By Nick Nunn
A couple of weeks back, at a Madison City Council meeting, Chad Foster spoke to the council about the possibility of building a skateboard park at one of Madison’s existing parks. In broad terms, Foster outlined what a proposed skate park would require as far as construction, area and cost; noted that Rutledge and many cities near Madison already have skate parks; and repeatedly described skateboarding as a “safe” activity for individual athletes.
It was only at that point – his insistence that skateboarding is safe – that I diverged from Mr. Foster.
Skateboarding is many things, but safe it is not, and I’ve got the scars on my knees and elbows to prove it.
Yep, your perfectly well-adapted, in all (most) ways normal sports writer was once a moderately ardent skateboarder, injuring myself in one of the most teen-like ways possible all over the streets and sidewalks of Bostwick.
My cousins, my brother and I – among other non-relatives – were chased off from just about every paved surface in Bostwick at least a half-dozen times.
They hated us at Gibbs Memorial, Bostwick United Methodist, the Bostwick Citgo, the post office and several private residences.
We resorted to skating in Highway 83 after it was repaved, and they chased us from there as well.
We didn’t want to skate at these places, you understand, but we were forced to by a lack of a designated place (i.e. a skate park) and of driver’s licenses.
The point is, if kids want to skate, they will skate, and, being the altar boys that alternative sports always attracts, if they have no approved place to skate, they will continue to skate where they can, even after you run them off time and time again.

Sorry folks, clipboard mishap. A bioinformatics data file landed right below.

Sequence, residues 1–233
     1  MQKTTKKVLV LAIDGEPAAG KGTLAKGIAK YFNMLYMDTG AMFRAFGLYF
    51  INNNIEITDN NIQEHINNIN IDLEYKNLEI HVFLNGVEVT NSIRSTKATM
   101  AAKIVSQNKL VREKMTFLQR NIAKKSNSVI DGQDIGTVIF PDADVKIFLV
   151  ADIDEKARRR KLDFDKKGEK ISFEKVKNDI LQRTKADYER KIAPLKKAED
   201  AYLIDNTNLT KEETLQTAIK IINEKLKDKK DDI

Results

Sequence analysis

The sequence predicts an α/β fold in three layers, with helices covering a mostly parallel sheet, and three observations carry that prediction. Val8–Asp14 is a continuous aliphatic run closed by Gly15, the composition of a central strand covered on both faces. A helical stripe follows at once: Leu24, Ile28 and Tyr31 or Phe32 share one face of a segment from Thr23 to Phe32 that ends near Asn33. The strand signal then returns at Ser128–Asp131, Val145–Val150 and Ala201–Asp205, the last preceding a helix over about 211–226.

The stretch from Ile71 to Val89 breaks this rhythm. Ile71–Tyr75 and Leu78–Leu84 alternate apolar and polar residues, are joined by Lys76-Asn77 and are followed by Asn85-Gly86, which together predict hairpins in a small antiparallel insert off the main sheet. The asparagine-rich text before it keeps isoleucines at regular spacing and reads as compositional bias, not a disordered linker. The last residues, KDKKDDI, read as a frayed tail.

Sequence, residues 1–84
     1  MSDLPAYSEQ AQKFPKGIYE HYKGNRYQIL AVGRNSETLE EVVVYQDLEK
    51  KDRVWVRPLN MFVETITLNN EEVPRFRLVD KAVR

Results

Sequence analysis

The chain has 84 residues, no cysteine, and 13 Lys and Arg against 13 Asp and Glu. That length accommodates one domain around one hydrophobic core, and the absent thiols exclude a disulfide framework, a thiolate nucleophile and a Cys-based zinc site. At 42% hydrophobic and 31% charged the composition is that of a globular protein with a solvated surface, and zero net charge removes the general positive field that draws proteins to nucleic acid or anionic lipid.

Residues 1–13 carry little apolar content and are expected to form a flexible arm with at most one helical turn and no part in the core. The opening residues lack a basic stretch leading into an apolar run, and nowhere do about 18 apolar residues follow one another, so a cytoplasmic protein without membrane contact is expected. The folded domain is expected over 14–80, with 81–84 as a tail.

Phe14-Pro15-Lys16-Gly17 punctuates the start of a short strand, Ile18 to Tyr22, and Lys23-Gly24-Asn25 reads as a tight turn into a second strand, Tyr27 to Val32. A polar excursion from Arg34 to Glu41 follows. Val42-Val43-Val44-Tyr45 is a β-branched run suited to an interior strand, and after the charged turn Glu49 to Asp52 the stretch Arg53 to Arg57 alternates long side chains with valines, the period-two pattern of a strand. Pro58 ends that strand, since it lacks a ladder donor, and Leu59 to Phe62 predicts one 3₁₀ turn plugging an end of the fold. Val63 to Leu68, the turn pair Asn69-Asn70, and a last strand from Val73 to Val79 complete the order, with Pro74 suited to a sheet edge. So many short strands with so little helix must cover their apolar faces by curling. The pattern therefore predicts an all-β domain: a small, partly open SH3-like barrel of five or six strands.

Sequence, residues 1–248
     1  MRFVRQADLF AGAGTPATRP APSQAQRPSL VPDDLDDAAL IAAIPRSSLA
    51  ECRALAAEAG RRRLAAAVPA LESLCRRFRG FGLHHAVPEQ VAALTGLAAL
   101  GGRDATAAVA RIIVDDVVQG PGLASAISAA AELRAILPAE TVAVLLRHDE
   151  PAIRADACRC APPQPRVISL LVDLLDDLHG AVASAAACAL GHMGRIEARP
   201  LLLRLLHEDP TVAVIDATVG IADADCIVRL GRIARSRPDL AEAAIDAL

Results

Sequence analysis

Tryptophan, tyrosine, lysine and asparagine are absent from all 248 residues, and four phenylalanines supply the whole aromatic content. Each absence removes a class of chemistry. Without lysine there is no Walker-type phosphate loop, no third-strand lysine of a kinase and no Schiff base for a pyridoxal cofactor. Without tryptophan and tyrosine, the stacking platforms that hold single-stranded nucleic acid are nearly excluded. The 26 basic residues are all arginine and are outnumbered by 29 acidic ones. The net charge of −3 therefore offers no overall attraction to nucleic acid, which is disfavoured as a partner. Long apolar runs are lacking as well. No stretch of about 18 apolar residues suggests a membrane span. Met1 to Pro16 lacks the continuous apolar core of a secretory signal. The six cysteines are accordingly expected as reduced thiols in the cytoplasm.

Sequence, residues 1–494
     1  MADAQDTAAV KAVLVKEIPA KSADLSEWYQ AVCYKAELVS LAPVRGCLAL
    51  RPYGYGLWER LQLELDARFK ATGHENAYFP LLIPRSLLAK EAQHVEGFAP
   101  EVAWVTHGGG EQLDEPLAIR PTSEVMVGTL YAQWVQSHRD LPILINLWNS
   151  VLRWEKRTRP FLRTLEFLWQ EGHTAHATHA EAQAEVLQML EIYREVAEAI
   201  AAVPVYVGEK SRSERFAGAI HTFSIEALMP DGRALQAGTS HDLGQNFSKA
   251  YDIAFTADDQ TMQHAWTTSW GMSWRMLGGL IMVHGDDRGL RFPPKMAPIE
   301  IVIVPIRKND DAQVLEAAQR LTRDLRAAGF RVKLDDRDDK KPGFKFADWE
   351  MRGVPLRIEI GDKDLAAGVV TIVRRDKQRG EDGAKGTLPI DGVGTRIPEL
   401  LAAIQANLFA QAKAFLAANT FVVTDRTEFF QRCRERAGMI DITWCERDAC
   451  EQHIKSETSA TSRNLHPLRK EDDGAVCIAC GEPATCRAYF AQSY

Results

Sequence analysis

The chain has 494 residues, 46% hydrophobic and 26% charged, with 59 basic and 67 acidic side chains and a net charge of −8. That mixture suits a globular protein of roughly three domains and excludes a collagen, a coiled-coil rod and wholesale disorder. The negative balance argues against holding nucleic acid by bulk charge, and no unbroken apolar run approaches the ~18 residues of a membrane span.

Therefore, I’m all for the construction of a skate park in Madison, given one condition: there is enough of an interest in the general youth population to make a skate park worth the cost and the real estate that it will take up at a city park.
Mr. Foster did not attempt to conceal the fact that he has children that skate. More than likely, those children also have friends who skate as well, but should we utilize funds and space for an activity that maybe only a handful of children will enjoy?
Perhaps a greater amount of use would come of some other type of facility being built at a city park.
Skateboarding may still be popular, but I doubt that it has as many converts as it did in its heyday, about a decade ago when people were buying Tony Hawk merchandise as fast as they could make it.
Also, there was a skate park at MCHS only a few years ago, situated approximately where the new gym currently sits. It was built by the skate club at MCHS but, after only a few years, it fell into disrepair because of a lack of use.
Again, I want to state that I’m leaning in favor of a skate park being built, but that might be because I still wish that I had one when I was still skating.
Before such plans are advanced, however, a real and honest assessment whether or not there is actually enough interest in the park to make it worthwhile should be made.